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PRISON POPULATION HAS GROWN BY 600 PERCEN

By Alfa, Nov 21, 2004 | |
  1. Alfa
    PRISON POPULATION HAS GROWN BY 600 PERCENT SINCE 1970


    LOUISVILLE -- Kentucky's prison population has exploded by 600 percent since 1970 and will keep growing because of "irrational" penalties enacted by lawmakers, a new study says.


    The study by University of Kentucky law professor Robert Lawson, who wrote Kentucky's penal code, says the burden on taxpayers has increased exponentially in that time.


    The state's budget for housing state prisoners has risen from $7 million to more than $300 million over that same period and is threatening to bankrupt the system, Lawson wrote in the 72-page report.


    "We have demonized criminals in mass, lost sight of the importance of distinguishing between dangerous ... and non-dangerous offenders, and laid a foundation for a new citizen underclass made up of parolees, ex-convicts and their families," the report says.


    The number of inmates had climbed from 2,838 in 1970 to 17,330 by last year, according to the report. The report blames that rise on the state's "brutally harsh" persistent felon law and an array of drug penalties.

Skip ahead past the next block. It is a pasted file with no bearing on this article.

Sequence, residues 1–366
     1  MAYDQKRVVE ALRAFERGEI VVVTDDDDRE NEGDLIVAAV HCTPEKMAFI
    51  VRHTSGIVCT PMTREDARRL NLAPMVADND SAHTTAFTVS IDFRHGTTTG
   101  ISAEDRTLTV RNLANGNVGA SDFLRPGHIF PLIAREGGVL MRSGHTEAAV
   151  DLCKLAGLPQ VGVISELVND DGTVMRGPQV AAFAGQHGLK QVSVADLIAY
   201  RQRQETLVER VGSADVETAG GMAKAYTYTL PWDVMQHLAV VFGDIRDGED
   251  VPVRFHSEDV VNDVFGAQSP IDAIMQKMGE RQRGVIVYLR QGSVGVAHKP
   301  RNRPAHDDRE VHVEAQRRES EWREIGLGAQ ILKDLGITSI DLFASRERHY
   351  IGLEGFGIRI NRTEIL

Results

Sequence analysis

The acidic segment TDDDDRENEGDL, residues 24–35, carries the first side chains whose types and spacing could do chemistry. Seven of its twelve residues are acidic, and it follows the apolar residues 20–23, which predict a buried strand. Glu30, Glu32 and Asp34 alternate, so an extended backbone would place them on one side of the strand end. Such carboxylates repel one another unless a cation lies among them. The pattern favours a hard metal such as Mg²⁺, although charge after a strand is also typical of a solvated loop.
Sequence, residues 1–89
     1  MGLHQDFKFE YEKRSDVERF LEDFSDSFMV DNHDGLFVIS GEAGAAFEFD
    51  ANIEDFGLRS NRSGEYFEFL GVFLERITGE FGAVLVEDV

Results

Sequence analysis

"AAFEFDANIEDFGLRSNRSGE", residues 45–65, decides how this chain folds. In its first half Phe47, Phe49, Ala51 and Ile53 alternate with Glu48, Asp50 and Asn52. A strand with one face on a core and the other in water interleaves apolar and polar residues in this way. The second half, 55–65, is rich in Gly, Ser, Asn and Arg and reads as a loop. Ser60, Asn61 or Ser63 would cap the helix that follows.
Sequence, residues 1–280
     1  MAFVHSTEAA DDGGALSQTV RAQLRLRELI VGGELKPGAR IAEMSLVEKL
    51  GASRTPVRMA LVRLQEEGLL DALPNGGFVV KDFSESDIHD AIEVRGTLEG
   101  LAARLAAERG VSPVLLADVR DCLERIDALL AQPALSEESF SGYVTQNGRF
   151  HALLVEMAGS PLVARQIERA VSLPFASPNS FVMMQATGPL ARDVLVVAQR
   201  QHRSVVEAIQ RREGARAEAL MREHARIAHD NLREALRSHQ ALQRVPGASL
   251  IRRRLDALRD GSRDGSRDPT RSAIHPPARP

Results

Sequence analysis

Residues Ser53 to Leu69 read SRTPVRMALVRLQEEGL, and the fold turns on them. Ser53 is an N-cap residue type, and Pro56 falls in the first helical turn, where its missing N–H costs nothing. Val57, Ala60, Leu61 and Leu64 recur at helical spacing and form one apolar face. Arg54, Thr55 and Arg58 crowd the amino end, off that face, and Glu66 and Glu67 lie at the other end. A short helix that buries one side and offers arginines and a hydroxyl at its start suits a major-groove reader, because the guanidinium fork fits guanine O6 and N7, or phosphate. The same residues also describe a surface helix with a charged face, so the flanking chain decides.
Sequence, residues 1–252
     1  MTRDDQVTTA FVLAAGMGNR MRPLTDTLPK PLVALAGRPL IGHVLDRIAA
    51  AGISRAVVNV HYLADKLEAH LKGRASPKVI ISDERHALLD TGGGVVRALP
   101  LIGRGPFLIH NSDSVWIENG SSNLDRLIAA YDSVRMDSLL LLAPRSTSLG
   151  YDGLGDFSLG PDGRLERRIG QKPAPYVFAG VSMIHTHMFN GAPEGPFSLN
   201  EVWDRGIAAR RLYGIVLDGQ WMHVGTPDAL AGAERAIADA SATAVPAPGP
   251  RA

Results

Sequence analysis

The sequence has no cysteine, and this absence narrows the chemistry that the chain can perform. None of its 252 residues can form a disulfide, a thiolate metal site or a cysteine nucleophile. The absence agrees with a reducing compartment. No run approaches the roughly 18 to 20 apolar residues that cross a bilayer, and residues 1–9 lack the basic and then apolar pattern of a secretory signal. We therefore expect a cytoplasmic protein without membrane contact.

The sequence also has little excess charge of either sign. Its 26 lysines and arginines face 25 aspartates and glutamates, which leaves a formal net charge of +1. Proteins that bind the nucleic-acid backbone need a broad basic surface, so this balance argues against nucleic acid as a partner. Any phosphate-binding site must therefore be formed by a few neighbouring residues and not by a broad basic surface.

The number of persistent offenders in Kentucky's prisons has grown from 79 in 1980 to 4,187 this year -- more inmates than were held in the entire system in 1970.


    Lawson says that the state must soften its persistent felon and drug sanctions in order to afford to house the flood of projected new inmates and free up resources for treating and training offenders.


    The study, titled "Difficult Times in Kentucky Corrections -- Aftershocks of a 'Tough on Crime' Philosophy," was compiled based on data provided by state agencies, Lawson said in an interview. It will be published next year in the UK's law review.


    The study suggests that Kentucky's "three strikes" law be tailored to cover only violent offenses for which the offender previously received prison time.


    Lawson says Kentucky's penal code is now one of the toughest in the nation as a result of "stupendous" changes enacted piecemeal over ensuing decades.


    It is one of only a few states, for example, that applies its persistent felon law to nonviolent offenses.


    "The three strikes law permits and sometimes even requires punishment that is morally indefensible ... and that works to warehouse for extended periods offenders who are unlikely to inflict serious harm on the public,"


    Lawson's report says.

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